CONEY ISLAND — For the last quarter of a century, Ed Blankmeyer has been a fixture in the dugout for the St. John’s University, Jamaica, baseball team.
Not only is he the winningest coach in Red Storm sports history, but he also racked up the most wins in Big East Conference history and has carved out a legacy as one of the most successful and respected coaches in all of college baseball.
Sometimes, though, even long-term fixtures can use a change of scenery, especially when there’s an opportunity to manage professional baseball so close to home.
Right after the new year, Blankmeyer resigned from St. John’s and accepted the position to manage the Brooklyn Cyclones, the Single-A short-season affiliate of the New York Mets. He will also serve as the Mets’ extended spring training coordinator and will head to Port St. Lucie, Fla., as pitchers and catchers report to camp on Feb. 11.
“It’s a change and a new challenge,” said Blankmeyer, who coached St. John’s for 24 seasons. “Personally and family-wise, the timing was right.”
In more than 1,300 games guiding the Red Storm, Blankmeyer compiled a record of 829-500-4. He led the Johnnies to 23 winning seasons to go along with five Big East Tournament titles and six regular season conference championships.
He also was named Big East Coach of the Year a record eight times, reached the 40-win plateau nine times, secured 11 NCAA Tournament berths and helped 91 of his student-athletes sign to play professional baseball through the draft or free agency.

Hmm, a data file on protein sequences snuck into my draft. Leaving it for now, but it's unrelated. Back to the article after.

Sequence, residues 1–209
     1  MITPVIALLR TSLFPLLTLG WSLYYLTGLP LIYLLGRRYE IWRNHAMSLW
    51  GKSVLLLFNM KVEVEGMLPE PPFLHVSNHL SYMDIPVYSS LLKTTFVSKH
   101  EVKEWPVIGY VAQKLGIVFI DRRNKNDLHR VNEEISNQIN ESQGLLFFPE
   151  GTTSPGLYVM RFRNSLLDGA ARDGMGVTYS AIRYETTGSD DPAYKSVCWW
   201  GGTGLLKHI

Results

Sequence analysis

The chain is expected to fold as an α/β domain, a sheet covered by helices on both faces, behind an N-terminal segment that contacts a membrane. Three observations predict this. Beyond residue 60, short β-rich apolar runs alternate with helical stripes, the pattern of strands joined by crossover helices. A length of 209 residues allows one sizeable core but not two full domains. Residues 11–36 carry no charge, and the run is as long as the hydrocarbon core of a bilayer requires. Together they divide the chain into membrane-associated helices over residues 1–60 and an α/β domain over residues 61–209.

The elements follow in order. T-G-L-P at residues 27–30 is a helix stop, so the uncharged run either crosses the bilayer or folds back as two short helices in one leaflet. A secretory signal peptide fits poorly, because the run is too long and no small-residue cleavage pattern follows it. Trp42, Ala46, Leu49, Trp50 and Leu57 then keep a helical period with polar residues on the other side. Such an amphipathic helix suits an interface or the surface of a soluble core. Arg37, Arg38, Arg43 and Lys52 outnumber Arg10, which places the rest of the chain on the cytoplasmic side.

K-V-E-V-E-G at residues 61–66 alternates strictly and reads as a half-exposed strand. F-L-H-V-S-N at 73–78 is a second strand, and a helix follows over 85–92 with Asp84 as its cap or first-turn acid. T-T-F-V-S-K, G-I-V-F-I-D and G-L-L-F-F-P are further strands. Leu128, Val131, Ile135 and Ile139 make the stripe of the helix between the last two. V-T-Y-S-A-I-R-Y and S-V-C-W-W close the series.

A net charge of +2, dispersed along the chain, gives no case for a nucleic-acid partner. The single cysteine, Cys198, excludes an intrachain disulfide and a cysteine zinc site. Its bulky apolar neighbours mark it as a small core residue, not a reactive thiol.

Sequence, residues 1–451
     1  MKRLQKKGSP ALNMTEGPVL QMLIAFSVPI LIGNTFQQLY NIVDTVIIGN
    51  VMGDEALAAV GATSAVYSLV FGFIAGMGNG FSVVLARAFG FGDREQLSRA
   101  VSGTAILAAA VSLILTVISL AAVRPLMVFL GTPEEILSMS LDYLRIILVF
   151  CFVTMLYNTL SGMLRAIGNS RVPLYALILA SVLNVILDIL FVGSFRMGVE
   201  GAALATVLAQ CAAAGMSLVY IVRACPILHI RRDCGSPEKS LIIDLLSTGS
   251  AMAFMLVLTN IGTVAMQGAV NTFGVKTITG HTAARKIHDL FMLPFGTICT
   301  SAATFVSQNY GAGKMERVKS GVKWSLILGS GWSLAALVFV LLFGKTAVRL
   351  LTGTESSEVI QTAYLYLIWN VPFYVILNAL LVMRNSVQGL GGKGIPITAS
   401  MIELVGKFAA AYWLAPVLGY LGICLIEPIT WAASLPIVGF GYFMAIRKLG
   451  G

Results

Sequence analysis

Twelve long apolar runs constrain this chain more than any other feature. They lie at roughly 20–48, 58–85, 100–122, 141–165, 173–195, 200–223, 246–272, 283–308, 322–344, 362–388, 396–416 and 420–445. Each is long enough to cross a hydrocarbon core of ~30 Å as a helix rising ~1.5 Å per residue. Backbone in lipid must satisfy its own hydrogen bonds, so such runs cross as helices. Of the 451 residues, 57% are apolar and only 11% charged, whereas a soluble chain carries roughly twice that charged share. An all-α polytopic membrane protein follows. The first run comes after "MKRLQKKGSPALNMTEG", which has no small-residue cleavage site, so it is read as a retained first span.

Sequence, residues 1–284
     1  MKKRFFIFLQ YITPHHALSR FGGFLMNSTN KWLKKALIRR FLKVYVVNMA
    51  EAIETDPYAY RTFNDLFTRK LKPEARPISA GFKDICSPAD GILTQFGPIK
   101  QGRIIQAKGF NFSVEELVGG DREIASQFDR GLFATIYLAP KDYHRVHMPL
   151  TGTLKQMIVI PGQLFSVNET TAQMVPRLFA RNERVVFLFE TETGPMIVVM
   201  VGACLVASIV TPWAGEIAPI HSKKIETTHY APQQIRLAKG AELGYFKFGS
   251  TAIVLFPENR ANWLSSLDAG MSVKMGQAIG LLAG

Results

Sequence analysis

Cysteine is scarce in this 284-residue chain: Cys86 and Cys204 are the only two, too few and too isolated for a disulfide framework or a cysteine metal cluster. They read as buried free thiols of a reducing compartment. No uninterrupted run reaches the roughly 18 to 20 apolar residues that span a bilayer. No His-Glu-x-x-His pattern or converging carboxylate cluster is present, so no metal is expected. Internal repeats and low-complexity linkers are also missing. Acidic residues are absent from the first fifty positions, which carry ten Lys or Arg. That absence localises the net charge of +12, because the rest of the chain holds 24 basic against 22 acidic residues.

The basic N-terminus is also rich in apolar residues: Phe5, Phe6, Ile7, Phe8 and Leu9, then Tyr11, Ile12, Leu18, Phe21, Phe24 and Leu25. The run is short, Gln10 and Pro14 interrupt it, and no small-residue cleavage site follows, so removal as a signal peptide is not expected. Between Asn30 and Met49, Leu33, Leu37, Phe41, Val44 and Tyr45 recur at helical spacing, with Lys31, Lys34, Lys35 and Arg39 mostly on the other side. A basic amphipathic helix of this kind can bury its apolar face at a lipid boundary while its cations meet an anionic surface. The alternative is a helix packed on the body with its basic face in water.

“My experience at St. John’s is all about the people I’ve been around — my players, my coaches and the athletic administrators,” said Blankmeyer, only the third coach in St. John’s baseball history since 1956 along with legends Jack Kaiser and Joe Russo. “I have a lot of fond memories, and I’m certainly not going to be a stranger.”
Now a professional baseball manager, Blankmeyer knows his role will change. Instead of recruiting players, he will be tasked with developing some of the youngest players in the Mets’ minor-league system.
“It’s about teaching these guys the Mets’ culture and how to play the game the right way,” he said. “It’s going to be an interesting experience the first time doing it with these young guys, but the bottom line is everybody has the same goal: They put the professional uniform on, they want to play in the big leagues.
“At the same token, you have to teach them how to play, you have to teach them how to be good teammates and you want to teach them to do the right thing. The Mets are very high on character. We want guys doing the right things on and off the field.”
Blankmeyer will attempt to balance the desire to win ballgames with ensuring he provides his young players with a professional routine they can build upon as they advance through each level of the Mets’ system.
“It’s an excellent franchise,” the 2018 Baseball Coaches Association Hall of Famer said of the Cyclones. “The Mets do a wonderful job with that franchise. It’s exciting to be in New York, the greatest place in the world to play. If you make it in New York, you can make it anywhere, believe me.”
Mike Hampton, entering his 19th coaching season at St. John’s, will be the interim head coach this spring. Meanwhile, Blankmeyer will gear up for the start of his summer season following extended spring training workouts in Florida.
Though he said he’s more focused on looking ahead to his time with the Cyclones, he surely is grateful to St. John’s for giving him the opportunity and allowing him to flourish for so many years.
“I really appreciate the time I had there,” he said. “The people are just fabulous. I’m certainly going to miss them. When you’re there every day and seeing the same people over and over again, it’s an extended family.
“It’s a great school, and it’s been an honor to work there. I cherish the opportunity they gave me, and I cherish the moments I had there.”
The Mets — and of course the Cyclones, too — are lucky to have a coach like Blankmeyer developing the next generation of players who hope to someday call Queens home.
How fitting that would be, because their manager is the one who called Queens home for 24 impressive seasons at St. John’s.
Contact Jim Mancari via email at firstname.lastname@example.org.